Climate Change Adaptation Strategies

As climate changes around the world, trees are now growing in ecological conditions that are different from those in which their ancestors grew. Populations cannot keep pace and migrate naturally to new areas or adapt through natural selection, so some forest trees may become maladapted.

Forest tree species often play a key role in their ecosystem. When maladapted, the rest of the ecosystem and other, dependent organisms (such as insects, birds and plant life dependent on trees, like lichens) are also affected. The province has developed adaptation strategies, like species diversification and assisted migration, to manage this.

Species Diversification

It isn’t certain exactly how climate will change, or by how much. However, increasing species diversity in forest management may help buffer the negative impacts of climate change and make forests more resilient when faced with extreme weather events caused by climate change.

For example, regenerating a stand or landscape with a range of species that are ecologically-suitable for a site may:

  • Help reduce potential losses due to forest health and other climate-related agents, and;
  • Mitigate some of the uncertainty in determining which species in a stand will perform well over the rotation.

Read the Chief Forester's Memo on Stand and Landscape Level Species Composition (PDF)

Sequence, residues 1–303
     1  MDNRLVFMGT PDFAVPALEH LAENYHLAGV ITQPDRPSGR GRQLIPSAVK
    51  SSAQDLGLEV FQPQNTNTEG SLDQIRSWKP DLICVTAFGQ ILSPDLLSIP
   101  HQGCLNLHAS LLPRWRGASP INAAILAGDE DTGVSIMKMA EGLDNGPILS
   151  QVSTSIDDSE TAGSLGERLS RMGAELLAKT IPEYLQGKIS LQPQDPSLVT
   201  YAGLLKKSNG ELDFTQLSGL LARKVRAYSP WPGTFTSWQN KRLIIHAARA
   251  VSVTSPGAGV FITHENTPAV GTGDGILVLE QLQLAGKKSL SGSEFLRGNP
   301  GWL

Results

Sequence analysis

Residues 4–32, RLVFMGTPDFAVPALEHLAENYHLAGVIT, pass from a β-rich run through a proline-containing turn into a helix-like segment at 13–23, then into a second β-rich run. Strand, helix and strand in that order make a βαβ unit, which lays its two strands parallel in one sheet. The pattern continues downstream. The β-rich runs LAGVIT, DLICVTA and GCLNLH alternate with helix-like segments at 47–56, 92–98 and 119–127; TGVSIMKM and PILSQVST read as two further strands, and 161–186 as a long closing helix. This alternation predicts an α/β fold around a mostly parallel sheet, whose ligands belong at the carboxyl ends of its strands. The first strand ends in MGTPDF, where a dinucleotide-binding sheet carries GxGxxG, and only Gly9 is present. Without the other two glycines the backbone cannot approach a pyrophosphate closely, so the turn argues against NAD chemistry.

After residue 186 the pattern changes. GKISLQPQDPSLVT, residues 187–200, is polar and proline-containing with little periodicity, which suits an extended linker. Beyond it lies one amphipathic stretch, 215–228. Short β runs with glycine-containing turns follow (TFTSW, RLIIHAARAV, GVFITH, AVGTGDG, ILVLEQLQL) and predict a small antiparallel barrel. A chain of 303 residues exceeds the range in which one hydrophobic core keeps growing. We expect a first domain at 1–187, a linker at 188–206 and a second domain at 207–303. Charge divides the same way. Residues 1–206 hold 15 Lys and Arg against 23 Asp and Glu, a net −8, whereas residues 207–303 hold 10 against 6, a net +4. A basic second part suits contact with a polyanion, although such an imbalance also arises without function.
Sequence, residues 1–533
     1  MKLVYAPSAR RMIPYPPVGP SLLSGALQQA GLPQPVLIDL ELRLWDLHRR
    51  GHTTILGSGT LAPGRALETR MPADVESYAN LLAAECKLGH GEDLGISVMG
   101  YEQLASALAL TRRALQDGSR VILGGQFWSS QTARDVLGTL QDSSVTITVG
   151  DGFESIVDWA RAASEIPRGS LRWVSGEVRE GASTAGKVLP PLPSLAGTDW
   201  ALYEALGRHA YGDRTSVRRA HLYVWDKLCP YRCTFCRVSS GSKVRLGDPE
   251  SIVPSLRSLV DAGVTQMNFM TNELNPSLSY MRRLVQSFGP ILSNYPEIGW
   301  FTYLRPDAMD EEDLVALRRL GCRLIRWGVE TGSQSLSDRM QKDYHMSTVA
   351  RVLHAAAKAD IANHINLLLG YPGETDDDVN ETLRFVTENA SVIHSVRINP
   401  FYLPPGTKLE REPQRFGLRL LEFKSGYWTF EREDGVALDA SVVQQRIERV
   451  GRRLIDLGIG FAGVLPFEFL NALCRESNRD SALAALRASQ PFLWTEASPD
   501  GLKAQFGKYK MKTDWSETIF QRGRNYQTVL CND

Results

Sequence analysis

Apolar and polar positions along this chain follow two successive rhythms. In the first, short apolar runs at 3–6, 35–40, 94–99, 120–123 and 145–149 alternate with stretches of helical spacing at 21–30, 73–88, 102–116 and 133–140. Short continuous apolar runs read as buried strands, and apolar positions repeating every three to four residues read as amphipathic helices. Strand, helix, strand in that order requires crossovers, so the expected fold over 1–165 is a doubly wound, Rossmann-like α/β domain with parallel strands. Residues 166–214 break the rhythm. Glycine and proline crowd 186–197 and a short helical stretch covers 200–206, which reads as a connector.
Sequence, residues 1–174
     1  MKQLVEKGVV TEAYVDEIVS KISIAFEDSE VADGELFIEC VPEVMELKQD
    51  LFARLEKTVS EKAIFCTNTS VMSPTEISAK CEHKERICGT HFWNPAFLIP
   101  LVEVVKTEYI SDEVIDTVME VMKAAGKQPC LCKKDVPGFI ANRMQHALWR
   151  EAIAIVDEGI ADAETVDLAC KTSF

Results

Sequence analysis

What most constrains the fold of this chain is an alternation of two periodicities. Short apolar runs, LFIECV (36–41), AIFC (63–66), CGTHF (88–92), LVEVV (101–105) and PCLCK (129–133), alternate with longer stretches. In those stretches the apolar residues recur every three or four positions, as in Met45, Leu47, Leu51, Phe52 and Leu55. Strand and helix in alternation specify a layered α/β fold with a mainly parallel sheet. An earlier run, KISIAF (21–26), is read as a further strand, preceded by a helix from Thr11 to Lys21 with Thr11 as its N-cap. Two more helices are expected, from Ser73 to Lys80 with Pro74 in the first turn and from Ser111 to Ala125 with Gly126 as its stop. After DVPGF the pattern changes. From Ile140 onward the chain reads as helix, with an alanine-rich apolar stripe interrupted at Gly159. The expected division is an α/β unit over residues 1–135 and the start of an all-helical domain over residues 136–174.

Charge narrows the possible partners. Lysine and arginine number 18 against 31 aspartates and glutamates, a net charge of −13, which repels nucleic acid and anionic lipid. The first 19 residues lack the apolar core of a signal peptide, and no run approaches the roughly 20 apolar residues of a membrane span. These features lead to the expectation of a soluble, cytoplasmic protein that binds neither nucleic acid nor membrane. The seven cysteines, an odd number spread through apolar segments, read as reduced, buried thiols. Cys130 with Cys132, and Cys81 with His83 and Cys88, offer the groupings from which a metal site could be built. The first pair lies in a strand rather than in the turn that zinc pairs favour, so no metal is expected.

Assisted Migration

Assisted migration refers to moving seed sources beyond their current climates. Generally, seed sources are moved north and to higher elevations in a way that mimics:

  • Recent observed climate change; and
  • Expected shifts in climate over the next few decades.

Planting seed sources and species that are adapted to current and future climates exploits finely tuned plant-climate adaptations that have arisen through millennia of natural selection to help maintain forest health and productivity.

Two Interim assisted migration measures have been implemented. Upper elevation transfer limits were increased for most species:

Climate Change Adaptation Initiative

British Columbia’s seed transfer system is transitioning to a climate-based science, policy and decision support framework. The new seed transfer system will link with ecologically suitable species information to support tree species selection decisions.

Further Resources About Assisted Migration